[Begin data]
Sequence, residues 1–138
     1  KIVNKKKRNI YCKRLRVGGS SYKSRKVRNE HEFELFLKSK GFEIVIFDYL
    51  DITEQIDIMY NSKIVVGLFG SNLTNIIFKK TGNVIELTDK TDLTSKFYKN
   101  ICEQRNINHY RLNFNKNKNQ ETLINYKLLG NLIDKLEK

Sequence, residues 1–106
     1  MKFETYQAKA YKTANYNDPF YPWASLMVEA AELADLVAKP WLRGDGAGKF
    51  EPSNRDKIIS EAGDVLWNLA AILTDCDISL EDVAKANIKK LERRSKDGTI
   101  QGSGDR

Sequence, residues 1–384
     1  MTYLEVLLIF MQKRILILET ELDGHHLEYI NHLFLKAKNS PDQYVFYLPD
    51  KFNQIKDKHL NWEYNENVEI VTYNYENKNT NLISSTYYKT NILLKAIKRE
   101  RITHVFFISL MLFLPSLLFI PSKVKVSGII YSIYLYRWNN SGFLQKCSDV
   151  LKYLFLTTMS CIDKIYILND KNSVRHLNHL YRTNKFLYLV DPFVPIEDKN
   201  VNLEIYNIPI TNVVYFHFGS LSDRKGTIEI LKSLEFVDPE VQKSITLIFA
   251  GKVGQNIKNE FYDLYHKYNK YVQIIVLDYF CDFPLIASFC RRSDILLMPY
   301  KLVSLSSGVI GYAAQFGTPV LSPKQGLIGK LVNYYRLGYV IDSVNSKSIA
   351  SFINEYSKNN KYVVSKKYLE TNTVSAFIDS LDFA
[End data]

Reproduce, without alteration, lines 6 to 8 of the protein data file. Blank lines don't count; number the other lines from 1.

     1  MKFETYQAKA YKTANYNDPF YPWASLMVEA AELADLVAKP WLRGDGAGKF
    51  EPSNRDKIIS EAGDVLWNLA AILTDCDISL EDVAKANIKK LERRSKDGTI
   101  QGSGDR